Thursday, November 14, 2013

Random Topps Card of the Day: 1987 Topps #233 Russ Morman

(Before I begin, I would like to wish my parents, Leslie and Maridel Anama, a Happy 40th Anniversary!!!)

Thanks to the Topps Card Randomizer, introducing the Random Topps Card of the Day for Thursday, November 14, 2013:

  • Official Card Set Name and Card Number: 1987 Topps #233.
  • Player Name, position, team: Russ Morman, first baseman, Chicago White Sox.
  • Major League Debut: August 3, 1986.
  • Last Line of Statistics: 1986 stats (White Sox): 49 G, 159 AB, 18 R, 40 H, 5 2B, 0 3B, 4 HR, 17 RBI, 1 SB, .358 SLG, 16 BB, 36 SO, .252 AVG.
  • Any special information about player: Drafted by the White Sox #2nd, June 1983. Bats: right. Throws: right.
  • Number of regular Topps Cards (includes regular and traded cards only): 1. This is his first and only Topps card.
  • Blurb on the back: "Russ was All-American at Wichita State Univ.."
  • Commentary: There is something about the 1987 Topps set that brings me back. Maybe it's because it was the first set of cards introduced to me by my mother when I first arrived in the US. Maybe it's because of the wood borders and circle logos. Maybe it's the unique fonts used by Topps on the front AND back of the cards. But there is something about this set that makes me think back to when I was younger. Even the 1989 Topps set, my favorite set of all-time, doesn't give me that feeling of retrospect. Many collectors I've met over the years have mentioned this set as a watershed product (turning point, something of important change was about to or was already occurring). It would turn out to be the beginning of the junk wax era, where everybody and their mothers (literally) thought that collecting cards would be the key to future financial growth (people were seriously planning their retirement on cards from this set...looking back can only sympathize with them, nodding accordingly while laughing first...on the inside). This may be the only Topps card of Russell Lee Morman's playing career, but he did manage to stay in the professional game, and even make more appearances in the majors, all the way through 1999. The ultimate minor league journeyman, Morman's career path would take him to places from Glen Falls to Appleton, Buffalo to Hawaii (yes, I'll get to this in a minute...stay with me here), from Vancouver to Omaha, as well as Edmonton, Charlotte, Durham, and Calgary. In between his minor league travels, he'd join the big club for a few games with the White Sox, Royals, and Marlins. In 1987, after a nice cup of coffee with the Pale Hose, he was assigned to Triple A Hawaii of the Pacific Coast League. Can you imagine? "Honey, bad news. I didn't make it to the Chicago White Sox. Good news? Yeah...WE'RE SPENDING THE YEAR IN HAWAII!!! (I do not know if Morman what Morman's marital status was at the time...bare with me and enjoy the imagined conversation, will you?) With the Islanders, Morman appeared in 89 games, hit for a decent .269 average, with 9 home runs, 53 rbi's, and a OPS of .830. The next year though, the White Sox moved their AAA team from the sunny beaches of Hawaii to Vancouver. Morman would appear in 207 games as a major leaguer, hitting for a .249 average with 8 home runs, 34 rbi's, and percentages of .304/.366/.670. He made his final appearance in the majors with the Marlins in 1997, but continued his run in the minors first with the Bulls in 1998 as a first year Devil Rays minor leaguer, and then back in the Marlins' farm system with the Calgary Cannons. Upon retirement, Morman learned the craft of managing in the Marlins and Red Sox' organizations. He is presently working as a hitting coach in the San Francisco Giants' minor league system.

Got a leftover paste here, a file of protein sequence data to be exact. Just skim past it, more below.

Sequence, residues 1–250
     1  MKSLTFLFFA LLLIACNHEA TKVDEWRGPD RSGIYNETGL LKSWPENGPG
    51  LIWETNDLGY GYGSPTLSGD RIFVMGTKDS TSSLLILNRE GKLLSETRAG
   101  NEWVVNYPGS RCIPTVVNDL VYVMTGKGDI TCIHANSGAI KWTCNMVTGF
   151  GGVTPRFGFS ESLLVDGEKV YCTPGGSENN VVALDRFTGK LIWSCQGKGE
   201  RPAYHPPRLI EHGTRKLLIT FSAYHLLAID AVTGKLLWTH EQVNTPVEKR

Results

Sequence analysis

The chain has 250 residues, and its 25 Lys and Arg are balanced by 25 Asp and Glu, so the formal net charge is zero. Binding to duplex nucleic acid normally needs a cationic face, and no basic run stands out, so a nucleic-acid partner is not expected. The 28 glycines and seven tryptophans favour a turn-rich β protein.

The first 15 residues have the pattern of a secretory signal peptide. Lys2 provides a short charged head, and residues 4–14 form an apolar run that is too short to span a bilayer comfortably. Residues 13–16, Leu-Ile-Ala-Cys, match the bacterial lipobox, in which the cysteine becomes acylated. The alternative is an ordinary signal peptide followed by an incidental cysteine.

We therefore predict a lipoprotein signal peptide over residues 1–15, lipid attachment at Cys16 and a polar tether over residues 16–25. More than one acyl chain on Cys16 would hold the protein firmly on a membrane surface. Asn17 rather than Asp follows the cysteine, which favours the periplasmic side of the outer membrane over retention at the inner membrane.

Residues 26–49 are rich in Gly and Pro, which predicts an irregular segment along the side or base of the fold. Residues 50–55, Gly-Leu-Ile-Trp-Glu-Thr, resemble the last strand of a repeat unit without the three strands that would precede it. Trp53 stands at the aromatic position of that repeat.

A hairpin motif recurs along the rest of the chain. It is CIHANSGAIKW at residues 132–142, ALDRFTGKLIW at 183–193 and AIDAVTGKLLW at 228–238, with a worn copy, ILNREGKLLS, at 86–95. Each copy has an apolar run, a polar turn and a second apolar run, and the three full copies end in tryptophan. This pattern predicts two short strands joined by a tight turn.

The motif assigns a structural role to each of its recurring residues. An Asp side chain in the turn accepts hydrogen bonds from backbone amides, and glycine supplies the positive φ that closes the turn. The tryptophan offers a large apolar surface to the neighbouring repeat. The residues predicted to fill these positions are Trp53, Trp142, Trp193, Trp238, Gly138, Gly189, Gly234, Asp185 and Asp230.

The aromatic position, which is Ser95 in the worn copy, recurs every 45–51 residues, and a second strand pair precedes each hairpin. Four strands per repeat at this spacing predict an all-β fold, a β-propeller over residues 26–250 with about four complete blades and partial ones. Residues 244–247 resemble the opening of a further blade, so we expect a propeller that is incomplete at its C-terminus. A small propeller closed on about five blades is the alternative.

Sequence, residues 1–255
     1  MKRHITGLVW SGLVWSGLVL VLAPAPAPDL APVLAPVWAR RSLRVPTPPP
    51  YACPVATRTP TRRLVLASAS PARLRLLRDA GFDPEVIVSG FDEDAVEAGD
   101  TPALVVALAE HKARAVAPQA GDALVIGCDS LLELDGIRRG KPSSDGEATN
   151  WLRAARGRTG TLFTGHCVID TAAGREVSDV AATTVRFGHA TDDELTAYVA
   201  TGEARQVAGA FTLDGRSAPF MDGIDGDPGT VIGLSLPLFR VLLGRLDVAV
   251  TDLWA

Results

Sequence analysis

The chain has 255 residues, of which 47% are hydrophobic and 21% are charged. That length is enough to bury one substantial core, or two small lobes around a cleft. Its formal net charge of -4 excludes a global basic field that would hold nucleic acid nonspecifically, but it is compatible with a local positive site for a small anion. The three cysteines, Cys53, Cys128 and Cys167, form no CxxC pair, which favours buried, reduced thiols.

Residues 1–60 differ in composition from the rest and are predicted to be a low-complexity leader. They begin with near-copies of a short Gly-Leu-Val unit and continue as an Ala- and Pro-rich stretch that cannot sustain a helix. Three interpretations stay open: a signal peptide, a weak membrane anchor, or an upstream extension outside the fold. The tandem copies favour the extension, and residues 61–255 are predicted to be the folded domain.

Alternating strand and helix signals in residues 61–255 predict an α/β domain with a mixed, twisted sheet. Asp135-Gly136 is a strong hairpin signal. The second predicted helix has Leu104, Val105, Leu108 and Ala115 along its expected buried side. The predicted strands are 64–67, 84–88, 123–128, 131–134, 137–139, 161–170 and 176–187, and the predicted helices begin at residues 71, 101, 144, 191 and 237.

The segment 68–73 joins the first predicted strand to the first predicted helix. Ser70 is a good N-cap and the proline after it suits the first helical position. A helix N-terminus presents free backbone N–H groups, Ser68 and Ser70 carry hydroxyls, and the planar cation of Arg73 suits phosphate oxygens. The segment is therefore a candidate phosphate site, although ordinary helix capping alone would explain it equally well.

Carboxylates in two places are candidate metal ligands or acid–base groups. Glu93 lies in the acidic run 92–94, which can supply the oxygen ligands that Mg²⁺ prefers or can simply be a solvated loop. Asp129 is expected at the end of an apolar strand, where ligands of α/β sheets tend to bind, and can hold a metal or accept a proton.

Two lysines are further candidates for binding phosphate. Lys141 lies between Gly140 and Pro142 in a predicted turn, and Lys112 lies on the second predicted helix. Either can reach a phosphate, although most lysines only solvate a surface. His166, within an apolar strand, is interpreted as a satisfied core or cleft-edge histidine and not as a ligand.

• Lo-Hi Beckett value: $0.01-$0.05.
  • How many cards of this player do I own?: 1.

Tomorrow's card will be: 2011 Topps #91. Post will arrive at 1:00 PM CST. Until tomorrow everybody.


JayBee Anama

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